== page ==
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The Weekly Market Snapshot from Frazier Allen for the week of February 12th, 2012

Weekly Market Snapshot

Market Commentary by Scott J. Brown, Ph.D., Chief Economist

Scott J. Brown Ph.D., Chief Economist Raymond James Investment Services
Scott J. Brown Ph.D., Chief Economist Raymond James Investment Services

Global equity markets rallied on progress on a Greek bailout package, but reacted negatively as Greece stumbled as it approached the finish line. In the U.S., investors began to question whether the stock market rally has gone too fast in 2012.

The economic calendar was thin. Consumer credit rose sharply in December, following a strong gain in November, apparently reflecting the improvement in motor vehicle sales. The trade deficit was narrower than expected in December (implying, all else equal, a small upward revision to the 4Q11 GDP growth estimate).

Five big banks reached a foreclosure settlement with the attorneys general of 49 states and the Obama administration, which will provide mortgage adjustments for about 10% of those underwater on their mortgages and distribute checks of around $2000 to about 750,000 who were foreclosed upon through faulty or fraudulent practices. The settlement should help the housing sector to some extent, but is not expected to lead to a sharp recovery.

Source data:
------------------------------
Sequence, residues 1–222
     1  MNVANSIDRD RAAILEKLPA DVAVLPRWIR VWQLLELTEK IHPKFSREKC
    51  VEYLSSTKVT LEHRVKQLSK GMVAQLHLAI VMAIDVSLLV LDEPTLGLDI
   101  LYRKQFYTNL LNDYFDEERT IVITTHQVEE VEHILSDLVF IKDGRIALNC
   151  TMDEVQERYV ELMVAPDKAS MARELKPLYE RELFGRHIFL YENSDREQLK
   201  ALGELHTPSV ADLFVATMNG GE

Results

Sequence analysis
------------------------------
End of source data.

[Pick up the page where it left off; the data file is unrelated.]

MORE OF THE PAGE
Next week, the economic calendar turns busy. The focus is likely to be on the reports of retail sales and consumer prices. Seasonal adjustment may magnify the impact of unusually mild weather in January (likely apparent in residential construction and industrial production). The White House’s Office of Management and Budget will release its budget outlook on Monday.

Significant deficit reduction is expected in this plan, following required discretionary spending cuts from last year’s Budget Control Act, but it will be interesting to see what gets cut and whether there will be a push to soften or postpone scheduled tax increases (the Bush tax cuts and the reduction in payroll taxes). Note that the payroll tax reduction, which is set to expire at the end of February, has yet to be extended for the full calendar year.

Indices

  Last Last Week YTD return %
DJIA 12890.461 12705.41 5.51%
NASDAQ 2927.23 2859.68 12.36%